A golden tradition: football helmets spark controversy

April 2, 2014

The football team wanted to change their uniforms by adding black helmets to their existing gold helmets. The proposed uniform change was announced at a football event on Feb. 7. This caused a strong response from alumni and other community members who wanted to stick with the traditional gold helmets.

On Mar. 24 President Richard O’Hara and head football coach Keith Rawlings announced to the players that the team would not be getting black helmets and would keep the existing gold helmets.

O’Hara said, “What I failed to realize [when considering the helmet change] was the importance of the [gold] helmet. We have to honor the past, serve the guys in the present, and light the way for the future.”

Community response

After the uniform change was proposed, there were pages of comments from players, coaches, alumni, administrators, and faculty on social media both in favor of and against the proposed change. People who opposed the change argued that it breaks the long-standing tradition of having gold helmets. Some posts about the helmets on JC’s Facebook received upwards of 80 comments.

Current player and junior captain Nolan Clawson defended the proposed uniform change on Facebook saying, “I love and respect the rich history of the ‘Gold’ helmets and respect all who have come before me. The John Carroll football program has grown so much and I feel that with growth here is also change! The black helmets are a great step for the program and are well liked by those who are playing in the present.” This post received over 50 comments both supporting and criticizing Clawson’s position.

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“Gold is still a symbol of JC tradition. It’s a very rich legacy and bigger than one person,” Dan Gray, class of ‘89 and the son of former football coach and teacher Gerry Gray said. “The color of the helmet is a great tradition for [JC] to build off of.”

According to Dan Gray, the tradition of gold helmets started with his father Gerry Gray. “When JC first started, my father was the first football coach here,” Dan Gray said. Gerry Gray had originally played football at Notre Dame. “When he came to JC in 1964, he started the football program here. Back then, we didn’t have school colors. He said ‘I do not care about the color of the jersey, I want a gold helmet.’” That tradition stuck. “Years later [the helmets] are still a symbol of JC tradition. There is not another team in the county with a golden helmet,” Dan Gray said.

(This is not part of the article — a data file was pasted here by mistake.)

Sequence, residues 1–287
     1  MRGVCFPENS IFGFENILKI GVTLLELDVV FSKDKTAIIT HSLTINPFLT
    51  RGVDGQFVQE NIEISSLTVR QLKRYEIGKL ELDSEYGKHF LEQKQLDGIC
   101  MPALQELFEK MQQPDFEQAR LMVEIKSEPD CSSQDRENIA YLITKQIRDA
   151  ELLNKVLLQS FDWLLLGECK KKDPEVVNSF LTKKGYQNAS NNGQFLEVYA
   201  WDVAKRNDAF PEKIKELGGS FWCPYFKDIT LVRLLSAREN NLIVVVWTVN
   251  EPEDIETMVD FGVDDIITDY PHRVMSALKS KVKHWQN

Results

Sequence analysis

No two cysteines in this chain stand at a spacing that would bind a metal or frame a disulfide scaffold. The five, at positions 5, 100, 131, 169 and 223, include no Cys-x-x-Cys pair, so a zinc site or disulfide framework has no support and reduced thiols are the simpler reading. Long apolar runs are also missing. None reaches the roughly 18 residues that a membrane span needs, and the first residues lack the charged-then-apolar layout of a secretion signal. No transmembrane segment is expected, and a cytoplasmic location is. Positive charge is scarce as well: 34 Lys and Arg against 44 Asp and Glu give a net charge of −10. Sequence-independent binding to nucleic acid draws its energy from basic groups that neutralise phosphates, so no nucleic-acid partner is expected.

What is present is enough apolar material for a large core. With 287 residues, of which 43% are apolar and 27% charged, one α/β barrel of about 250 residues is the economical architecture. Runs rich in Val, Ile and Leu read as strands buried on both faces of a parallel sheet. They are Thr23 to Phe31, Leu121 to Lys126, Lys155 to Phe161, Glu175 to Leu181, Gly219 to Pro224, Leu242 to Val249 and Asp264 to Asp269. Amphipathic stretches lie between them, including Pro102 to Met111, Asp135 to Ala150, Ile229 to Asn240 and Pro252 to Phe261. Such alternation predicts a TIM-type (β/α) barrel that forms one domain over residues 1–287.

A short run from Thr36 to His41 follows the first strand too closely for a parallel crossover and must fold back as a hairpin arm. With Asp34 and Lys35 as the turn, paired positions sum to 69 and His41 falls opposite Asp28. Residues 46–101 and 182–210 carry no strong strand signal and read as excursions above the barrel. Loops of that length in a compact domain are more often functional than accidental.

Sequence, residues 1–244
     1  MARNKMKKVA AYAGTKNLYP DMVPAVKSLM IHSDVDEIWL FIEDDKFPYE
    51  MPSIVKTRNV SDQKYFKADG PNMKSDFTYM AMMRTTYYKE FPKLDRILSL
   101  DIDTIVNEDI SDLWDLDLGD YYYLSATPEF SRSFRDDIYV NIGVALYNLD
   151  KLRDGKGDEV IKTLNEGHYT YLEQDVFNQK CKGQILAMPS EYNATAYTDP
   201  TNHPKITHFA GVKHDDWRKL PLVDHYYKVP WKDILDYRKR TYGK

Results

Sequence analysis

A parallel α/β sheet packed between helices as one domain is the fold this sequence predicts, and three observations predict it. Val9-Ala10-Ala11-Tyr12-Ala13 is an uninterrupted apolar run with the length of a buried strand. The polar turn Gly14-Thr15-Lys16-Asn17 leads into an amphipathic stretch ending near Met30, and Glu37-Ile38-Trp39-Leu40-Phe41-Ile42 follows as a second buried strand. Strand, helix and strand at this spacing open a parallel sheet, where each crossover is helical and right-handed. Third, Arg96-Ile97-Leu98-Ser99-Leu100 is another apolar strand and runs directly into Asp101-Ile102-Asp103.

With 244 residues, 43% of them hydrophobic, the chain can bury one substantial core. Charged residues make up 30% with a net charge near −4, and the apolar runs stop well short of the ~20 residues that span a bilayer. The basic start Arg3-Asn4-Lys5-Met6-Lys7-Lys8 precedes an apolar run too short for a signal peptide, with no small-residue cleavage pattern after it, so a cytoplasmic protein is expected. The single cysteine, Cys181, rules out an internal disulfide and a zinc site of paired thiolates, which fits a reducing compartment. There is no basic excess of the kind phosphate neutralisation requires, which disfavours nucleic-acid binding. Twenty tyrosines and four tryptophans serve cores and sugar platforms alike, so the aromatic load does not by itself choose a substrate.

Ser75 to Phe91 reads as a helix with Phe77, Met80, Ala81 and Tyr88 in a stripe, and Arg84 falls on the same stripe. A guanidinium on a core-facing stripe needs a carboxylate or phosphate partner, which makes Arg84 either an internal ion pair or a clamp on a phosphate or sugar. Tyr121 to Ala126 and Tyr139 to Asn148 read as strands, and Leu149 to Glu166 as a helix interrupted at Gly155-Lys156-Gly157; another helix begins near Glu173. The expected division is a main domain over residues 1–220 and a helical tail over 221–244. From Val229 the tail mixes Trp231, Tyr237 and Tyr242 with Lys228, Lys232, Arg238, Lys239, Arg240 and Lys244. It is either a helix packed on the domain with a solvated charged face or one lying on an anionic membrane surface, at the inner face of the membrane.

William Seufert, class of ‘70, was one of many who responded critically to the proposed uniform change on Facebook saying, “What was wrong with the gold? There are reasons for tradition, it connects all who enter the front doors no matter what year you entered.”

Former player John Kozak said on Facebook, “The gold has been a 50 year tradition and in my opinion as a former player [changing it] disrespects all who have been honored to wear it.”

During the discussion on Facebook things occasionally got heated, such as when Dan Gray called into question one coach’s dedication to the school saying, “My family has set up a fund that gives two scholarships a year to students that need financial aid and have demonstrated pride and excellence in the John Carroll community. As a coach at JC, what have you done to support and give back to the community in which you serve?”

Discussion of the helmets was an emotional issue for many. “A black helmet or gold helmet is not going to win games. It is what’s in here,” former coach Bill Mackley said, as he pointed to his heart.

Reactions from current staff and students were mixed. “One thing I told [O’Hara] – change is good, change is hard, but tradition is forever,” science teacher and former coach Tim Perry said.

O’Hara said, “I felt I hadn’t made myself aware of the depth of the feeling of that connection. A lot of us learned a lot this week.”

Dean of Freshman Students and former coach Sean Ireton agreed. “I believe that tradition is important, and some traditions are meant to continue and some not. I think the gold helmets are a good tradition to continue,” he said.

Junior Katie Benisch said, “[If I had to choose], yes they should stay gold, if they think they can find enough people to care about it to keep the gold, that would be good. They’ve changed the uniforms, obviously, and there’s no big deal about that.”

Senior Mitchell Russell said, “It’s one of JC’s few traditions, so keeping it gold keeps traditions alive.  Traditions are important and I think that they make a better high school experience.”

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